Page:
MONDAY MORNING PLAYBACK
There’s a game I play when I go out, though most of the time I forget about it until the game itself reminds me I was playing all along. The game is “Why did you go out tonight?” Meaning, why did you pull yourself off the couch, leave your warm happy home, your family, your comfort zone, for the crapshoot that is a bar and live music?
Some nights the answer never comes, and you return home from the forage with no more insight than what a trip to the quickie mart might yield. Other nights, you get so many answers you’d need a graphic organizer to keep track of all the lessons and nuggets you stumble upon, so you come home and switch on the dream machine that hums and glows with churchy quiet in the early morning dark and write ’em down.
You shave and shower and leave the house after having had a stupid fight with your teenage son, pick up your neighbor Pete, and talk about how upset you are about what happened. Pete talks you down with the wisdom of another father of another hormone-happy teen, and, after you park the car, you call the lad and have a conversation about overreaction and communication and all’s well that ends well until your wife calls you back and disagrees with your parenting style and all you want to say is that you’re “Human,” like the great new Killers song, and that you’re doing the best you can.
Then you walk into the Varsity Theater and order a Guinness. You listen to the Mood Swings, Ed Ackerson, Polara, and Janey and Marc, and take note of the smallish night-after Thanksgiving crowd, due undoubtedly to the fact that many tryptophan casualties are tired of socializing and stimuli. You run into Samantha Loesch and her sister Molly Hanson, and get the lowdown on Kings, their new wine-music eatery that is coming to save somnambulant Southwest Minneapolis early in the new year.
You head downtown to Kieran’s Irish Pub, where your brother’s band, St. Dominic’s Trio, is playing to another wrung-out dozen. A couple of old Incarnation kids, Brian Lamb and Mary Stockhaus, are in the house, and you swap notes about the inspiration for your brother’s song “Bike Ride On 35W,” which talks about freedom and revolution, and whose inspirational break you always take to heart a la Wilco’s “What Light.”
With plenty of eye-rolls and attitude, the twentysomething tough-girl waitress with the “Real Irish” T-shirt tells you and Pete about the vegan Thanksgiving she got duped into attending. You sit at the bar, taking in the tunes and a pint, and when a gang of post-practice musicians walk in, you say what you and your siblings have taken to saying, proudly, to so many friends and strangers over the last decade: “That’s my brother up there.”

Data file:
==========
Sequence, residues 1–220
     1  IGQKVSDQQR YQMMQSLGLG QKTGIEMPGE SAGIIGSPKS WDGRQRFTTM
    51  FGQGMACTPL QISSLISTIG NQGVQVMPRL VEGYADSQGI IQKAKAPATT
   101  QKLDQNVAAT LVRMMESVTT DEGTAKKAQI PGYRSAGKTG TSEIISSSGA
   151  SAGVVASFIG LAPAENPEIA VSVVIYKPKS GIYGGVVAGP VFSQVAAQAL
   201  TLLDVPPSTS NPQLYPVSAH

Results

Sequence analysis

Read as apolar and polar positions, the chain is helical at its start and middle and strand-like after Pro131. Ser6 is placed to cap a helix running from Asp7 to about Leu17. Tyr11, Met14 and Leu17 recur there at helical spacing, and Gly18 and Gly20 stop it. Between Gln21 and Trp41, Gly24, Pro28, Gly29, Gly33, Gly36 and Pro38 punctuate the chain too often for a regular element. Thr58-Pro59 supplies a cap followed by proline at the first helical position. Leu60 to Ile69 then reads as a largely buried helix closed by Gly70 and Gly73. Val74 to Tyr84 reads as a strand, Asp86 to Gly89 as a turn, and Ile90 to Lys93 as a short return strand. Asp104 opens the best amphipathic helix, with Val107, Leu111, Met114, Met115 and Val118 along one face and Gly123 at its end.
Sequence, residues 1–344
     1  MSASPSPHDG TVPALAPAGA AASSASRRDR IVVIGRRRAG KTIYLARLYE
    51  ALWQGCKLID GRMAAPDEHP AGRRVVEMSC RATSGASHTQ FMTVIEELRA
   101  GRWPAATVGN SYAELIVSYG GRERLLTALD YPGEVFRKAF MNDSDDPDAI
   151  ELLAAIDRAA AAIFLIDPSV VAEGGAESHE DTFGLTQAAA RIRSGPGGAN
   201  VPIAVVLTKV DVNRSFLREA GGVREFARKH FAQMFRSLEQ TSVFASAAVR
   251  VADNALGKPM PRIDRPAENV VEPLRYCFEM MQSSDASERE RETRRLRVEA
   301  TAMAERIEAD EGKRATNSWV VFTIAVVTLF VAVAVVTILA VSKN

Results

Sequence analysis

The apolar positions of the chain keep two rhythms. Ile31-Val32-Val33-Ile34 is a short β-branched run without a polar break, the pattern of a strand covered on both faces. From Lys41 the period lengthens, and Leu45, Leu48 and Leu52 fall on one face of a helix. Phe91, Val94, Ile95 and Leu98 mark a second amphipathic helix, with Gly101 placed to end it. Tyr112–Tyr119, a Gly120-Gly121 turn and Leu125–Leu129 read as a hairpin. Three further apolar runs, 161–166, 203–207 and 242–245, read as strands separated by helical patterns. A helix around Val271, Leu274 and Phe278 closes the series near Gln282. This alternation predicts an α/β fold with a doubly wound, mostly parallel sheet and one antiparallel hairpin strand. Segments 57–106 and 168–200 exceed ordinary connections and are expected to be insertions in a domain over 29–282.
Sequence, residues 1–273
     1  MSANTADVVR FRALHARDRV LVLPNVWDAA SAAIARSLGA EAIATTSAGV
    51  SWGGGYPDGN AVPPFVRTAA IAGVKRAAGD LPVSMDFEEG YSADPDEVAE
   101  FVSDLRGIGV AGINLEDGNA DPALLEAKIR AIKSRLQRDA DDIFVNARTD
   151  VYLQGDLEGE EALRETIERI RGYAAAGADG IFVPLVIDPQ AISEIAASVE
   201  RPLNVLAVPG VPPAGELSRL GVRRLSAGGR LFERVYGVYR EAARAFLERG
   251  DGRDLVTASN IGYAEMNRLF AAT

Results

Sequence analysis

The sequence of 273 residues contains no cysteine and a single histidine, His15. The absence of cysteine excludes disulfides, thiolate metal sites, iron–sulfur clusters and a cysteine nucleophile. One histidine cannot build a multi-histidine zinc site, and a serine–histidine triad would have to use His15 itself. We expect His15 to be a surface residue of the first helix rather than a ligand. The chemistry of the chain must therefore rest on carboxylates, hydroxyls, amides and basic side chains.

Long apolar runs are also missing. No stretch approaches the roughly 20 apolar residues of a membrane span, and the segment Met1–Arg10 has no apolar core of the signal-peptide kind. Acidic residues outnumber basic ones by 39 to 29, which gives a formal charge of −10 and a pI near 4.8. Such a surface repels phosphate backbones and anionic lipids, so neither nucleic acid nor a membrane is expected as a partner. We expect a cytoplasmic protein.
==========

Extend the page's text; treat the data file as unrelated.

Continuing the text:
You tell them about the time when your brother was 4 years old and he ran around the block wearing nothing but saddle shoes and socks. Then he plasters your hand to your chin with a new one about growing up in South Minneapolis, using all the signposts (Lil’ General, Salk’s Rexall Drugs) of your youth, and the images of your and his kids meld with all the Irish posters on the wall, and you make note of yet another mystical moment, the likes of which only the truly rich experience.
The next night, you go down to your basement and play “Why do you stay in?” You lift and clean and organize and dig through old boxes of local rock memorabilia for a history project you’re working on, and listen to your brother’s new CDs, the birth of which he and half the town will celebrate this Wednesday at First Avenue.
You’re amazed at the bloody sound of his voice, the power of the band, the poetic lyrics about life, love, loss, lust, loyalty. “I Thought We Were Friends” is sure to kick off more than a few kiss-off compilation mixes; “She Loves You Anyway” is a cad-confessional worthy of Westerberg or Zellar; “Out Of Bullets” is Crazy Horse good, and, yes, “Bike Ride On 35W” is one for the ages. Duly knocked out, you put on the next CD, by your brother’s Van Morrison tribute band The Belfast Cowboys, and are again amazed at how much better they sound than the washed-up old drama queen Morrison himself.
The music stops and you don’t replace it. The silence of the basement suits you. Around midnight, while digging through a box of birthday cards, you find a letter from your brother. The letter is from 1985, written when he was the age that your nephews are now. He wrote it to you after your band’s one and only LP came out. Most of it is too personal to recount here, but a few things you could have written yourself, to him, tonight, and so you’d like to pass them on:
“I had to write a letter to be able to say just what I think of the record. Every time I hear it and get a new feeling about it I want to call you up and tell you, but that’s kinda hard to do. Still, I think it’s important that you know, so this letter’s gonna have to do the trick.
“It used to be that I would watch you guys play and just itch for the chance to get up there. But now when I see you I can relax and throw myself into your songs and not worry what the people think of me. I’m SO proud of you! When you’re singing, it’s gotten to the point where I feel like I’m up there with you. When it’s your night, it’s my night too!
“I want you to know I’m behind you 100 percent. No question that it’s a personal victory for you, but a record this good has to be looked at as a victory for people who love music. Remember when I said I could never sell anything I didn’t completely believe in it? I could sell your music.
“I really love you, man. Keep up the fight! Start building the next album in your mind. This is only the beginning. But before you put out number two I’m going to try to put out my number one somehow. But even if mine is only a pipe dream, yours is real now. Congratulations! There’s no one who deserves it more than you! And the rest of the world will benefit from it.”